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If you or someone you know is worried about becoming increasingly forgetful, particularly if they're older than 65, you should talk to a GP about the possibility of dementia.
This guide offers information for people with dementia and their families and friends. It aims to raise awareness of dementia, as well as help people create networks and better understand the impact of the condition.
There are also links to lots of information on dementia and sources of local and national support.
The tabs at the top of the page list the contents of each section. Use them to find and select the page you want from the drop-down menu.
You can also try the search box at the top of the page – it covers everything on the whole NHS website, including:
- information on conditions and treatments
- advice to help you live a healthier lifestyle
- advice to boost your mental wellbeing
Get advice about coronavirus and dementia:
- Alzheimer's Society: Coronavirus information for people affected by dementia
- Dementia UK: Coronavirus questions and answers
Dementia is not a single illness, but a group of symptoms caused by damage to the brain.
You should look out for:
- memory loss, such as remembering past events much more easily than recent ones
- problems thinking or reasoning, or finding it hard to follow conversations or TV programmes
- feeling anxious, depressed or angry about memory loss, or feeling confused, even when in a familiar environment
Read more about the signs of dementia.
If you're worried about someone who is showing these signs, encourage them to see a GP.
If you're worried about your memory, it's well worth talking to a GP. They may be able to reassure you that you don't have dementia.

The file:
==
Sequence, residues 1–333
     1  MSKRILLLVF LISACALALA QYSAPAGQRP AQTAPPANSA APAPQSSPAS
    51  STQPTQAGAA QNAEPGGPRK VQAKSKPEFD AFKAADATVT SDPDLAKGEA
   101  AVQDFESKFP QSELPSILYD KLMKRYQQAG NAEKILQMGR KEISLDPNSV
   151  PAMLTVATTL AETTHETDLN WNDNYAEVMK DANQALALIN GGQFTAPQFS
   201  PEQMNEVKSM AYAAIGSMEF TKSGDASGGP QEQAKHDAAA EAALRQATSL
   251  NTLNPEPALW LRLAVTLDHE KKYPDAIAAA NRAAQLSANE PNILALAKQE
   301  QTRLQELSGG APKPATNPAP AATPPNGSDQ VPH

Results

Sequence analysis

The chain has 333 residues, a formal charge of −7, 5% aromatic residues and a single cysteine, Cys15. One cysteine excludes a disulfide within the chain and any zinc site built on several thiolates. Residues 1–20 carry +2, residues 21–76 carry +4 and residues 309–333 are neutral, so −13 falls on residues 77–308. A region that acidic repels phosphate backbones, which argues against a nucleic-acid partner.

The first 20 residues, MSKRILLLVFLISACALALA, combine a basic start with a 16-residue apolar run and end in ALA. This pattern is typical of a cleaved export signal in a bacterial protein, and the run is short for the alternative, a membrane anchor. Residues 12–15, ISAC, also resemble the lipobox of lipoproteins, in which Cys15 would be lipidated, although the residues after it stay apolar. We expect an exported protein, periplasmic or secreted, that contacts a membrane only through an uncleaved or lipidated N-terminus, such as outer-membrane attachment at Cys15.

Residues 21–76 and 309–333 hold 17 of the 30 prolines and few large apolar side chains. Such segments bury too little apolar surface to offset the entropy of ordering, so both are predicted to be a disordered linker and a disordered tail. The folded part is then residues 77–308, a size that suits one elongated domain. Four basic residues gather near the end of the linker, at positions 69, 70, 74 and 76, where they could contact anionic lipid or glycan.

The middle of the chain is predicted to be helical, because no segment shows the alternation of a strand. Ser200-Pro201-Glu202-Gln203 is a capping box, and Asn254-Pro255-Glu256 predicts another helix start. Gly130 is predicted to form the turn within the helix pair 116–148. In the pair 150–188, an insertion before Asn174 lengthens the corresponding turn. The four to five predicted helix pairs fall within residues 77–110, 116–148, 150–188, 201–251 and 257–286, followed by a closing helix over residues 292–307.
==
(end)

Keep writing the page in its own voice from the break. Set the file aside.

But if you do have dementia, an early diagnosis may help you get the right treatment and support in place in good time.
Finding out sooner rather than later can also give friends and family valuable time to adjust, and prepare for the future.
Find out why it's important to see someone about suspected dementia as soon as you can.
If you know someone who has dementia, this guide will help you understand how best to support them, both physically and emotionally.
There's also lots of information on what you can do in your community. Small steps can make a real difference, such as helping friends and neighbours understand the challenges faced by people with dementia.
You can use this guide to find out more about dementia, and discuss anything related to the condition through the Alzheimer's Talking Point online forum.
You can also call the Carers Direct helpline on 0300 123 1053 about any issue related to caring for someone.
Carers Direct can answer your questions and point you to organisations near you that can help you get the support you need.
You might also want to visit your nearest memory café, where you'll be able to chat with other carers and people with dementia over a cup of tea while getting support from trained professionals.
Our guide to care and support explains your options and where you can get support if you:
- need help with day-to-day living because of illness or disability
- care for someone regularly because they're ill, old, or disabled, including family members